1.“It is not just about the actors,“ she said. Civil society works in a context where they interact with the government at national level, with local authorities, with the donors, with the private sector, etc, and those relationships and interactions need to be considered.“We have to look at the context. In particular, there is one straightforward question we need to consider: is the environment enabling?” she continued. In some the contexts, it could be difficult or even harmful to look at certain CSOs and give them too much visibility. Being realistic about what can be achieved in any context is also key. 

2.Mappings can be tailored, with specific questions posed depending on how the information will be used - be it for programming exercise or if a budget support programme is being set up, and the most appropriate CSOs to engage with need to be identified. “There are no ready-made recipes for mapping and that is something that is very relevant for Delegations to consider, “ said Sanz Corella. “It is also important to always question yourself, and reassess your hypotheses.”

3.Take the civic arena into consideration. Sanz Corella cited the example of citizen empowerment seen in the wave of street protests and different ways of expression, supported by social media and ad hoc alliances, where people are joining together various causes: those actors are becoming more relevant. “It’s not just about what you see that is visible, there is much more to it than that,” she said.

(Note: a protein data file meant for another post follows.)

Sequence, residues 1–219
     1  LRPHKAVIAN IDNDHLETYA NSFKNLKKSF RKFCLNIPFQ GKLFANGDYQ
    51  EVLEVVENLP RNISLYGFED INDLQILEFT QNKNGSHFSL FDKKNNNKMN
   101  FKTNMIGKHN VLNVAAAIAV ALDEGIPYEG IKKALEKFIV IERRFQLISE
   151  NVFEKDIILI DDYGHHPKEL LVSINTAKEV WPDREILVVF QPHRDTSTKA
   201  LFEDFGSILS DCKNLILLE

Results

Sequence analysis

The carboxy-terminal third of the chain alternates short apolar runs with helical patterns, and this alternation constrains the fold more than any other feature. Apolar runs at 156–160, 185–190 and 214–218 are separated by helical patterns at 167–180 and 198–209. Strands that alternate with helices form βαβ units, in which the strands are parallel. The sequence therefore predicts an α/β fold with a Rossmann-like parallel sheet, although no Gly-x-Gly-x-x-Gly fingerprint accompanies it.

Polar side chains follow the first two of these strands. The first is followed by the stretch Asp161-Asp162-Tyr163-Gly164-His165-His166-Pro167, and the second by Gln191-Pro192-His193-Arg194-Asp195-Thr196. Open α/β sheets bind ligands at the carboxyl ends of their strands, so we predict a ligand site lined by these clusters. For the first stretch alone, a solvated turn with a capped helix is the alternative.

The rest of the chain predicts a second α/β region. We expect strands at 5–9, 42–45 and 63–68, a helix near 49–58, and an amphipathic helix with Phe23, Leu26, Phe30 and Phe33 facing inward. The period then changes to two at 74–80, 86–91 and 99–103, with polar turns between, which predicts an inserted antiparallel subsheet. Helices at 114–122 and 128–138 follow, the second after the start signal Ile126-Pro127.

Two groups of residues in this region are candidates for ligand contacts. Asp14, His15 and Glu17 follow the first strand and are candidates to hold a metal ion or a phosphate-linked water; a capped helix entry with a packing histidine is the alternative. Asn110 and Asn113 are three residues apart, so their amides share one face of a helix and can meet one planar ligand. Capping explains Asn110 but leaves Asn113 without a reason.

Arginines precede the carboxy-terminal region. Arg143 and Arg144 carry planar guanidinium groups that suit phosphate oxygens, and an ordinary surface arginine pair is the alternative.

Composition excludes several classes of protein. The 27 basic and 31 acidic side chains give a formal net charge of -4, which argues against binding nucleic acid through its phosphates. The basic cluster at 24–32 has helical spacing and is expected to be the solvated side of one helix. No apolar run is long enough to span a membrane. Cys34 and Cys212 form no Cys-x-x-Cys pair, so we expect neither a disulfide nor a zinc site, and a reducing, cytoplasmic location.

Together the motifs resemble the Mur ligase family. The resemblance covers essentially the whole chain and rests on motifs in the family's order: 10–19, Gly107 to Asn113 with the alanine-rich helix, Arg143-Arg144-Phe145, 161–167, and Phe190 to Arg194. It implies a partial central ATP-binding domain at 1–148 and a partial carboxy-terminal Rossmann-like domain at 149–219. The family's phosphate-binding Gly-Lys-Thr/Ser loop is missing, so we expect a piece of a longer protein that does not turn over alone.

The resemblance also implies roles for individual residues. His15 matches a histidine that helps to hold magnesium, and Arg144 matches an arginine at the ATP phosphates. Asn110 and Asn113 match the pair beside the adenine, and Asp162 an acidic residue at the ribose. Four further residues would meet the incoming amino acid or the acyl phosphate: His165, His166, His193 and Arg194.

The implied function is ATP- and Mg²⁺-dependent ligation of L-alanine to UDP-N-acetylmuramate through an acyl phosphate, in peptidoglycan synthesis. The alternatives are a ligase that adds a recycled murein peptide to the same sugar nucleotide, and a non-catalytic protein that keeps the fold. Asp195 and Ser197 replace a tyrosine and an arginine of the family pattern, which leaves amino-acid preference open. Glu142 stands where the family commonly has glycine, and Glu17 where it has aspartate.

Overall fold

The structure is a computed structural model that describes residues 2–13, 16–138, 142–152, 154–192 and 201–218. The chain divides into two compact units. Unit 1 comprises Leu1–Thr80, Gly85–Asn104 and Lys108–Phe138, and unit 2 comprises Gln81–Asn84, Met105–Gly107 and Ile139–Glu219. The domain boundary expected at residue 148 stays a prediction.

4.The process is just as important as the outcome. “You have to be very respectful to the actors and give something to them,” explained Sanz Corella. ”In addition, they have to benefit somehow from the process of mapping, not just the study that will come afterwards.” To get actors interested and build ownership for them in the process of mapping, choose questions that are relevant to them, and not simply relevant to the EU.

5.There are new governance tools and frameworks available, which are more sophisticated and adapted to suit different contexts. Participatory methods are also on the rise.

Yet, despite this progress, some major challenges remain, said Virginia Manzitti.

The quality, relevance and soundness of mapping is very important from a governance perspective. “The exercise therefore needs to be credible, handled with professionalism and with proven methodology,” she said.

Importantly, mapping is no longer the exercise of “focal persons” in delegation; it needs to have the participation of all sections of the delegation.  Equally important from a process perspective is the fact that CSOs are dynamic:  a mapping may soon become obsolete if there is not an easy way to update it. “This is an important lesson learned,” advised Manzitti.

Finally, the EU agenda for civil society requires increased coordination with EU Member States and with other international partners. As far as possible, make mapping a shared and multi-donor exercise.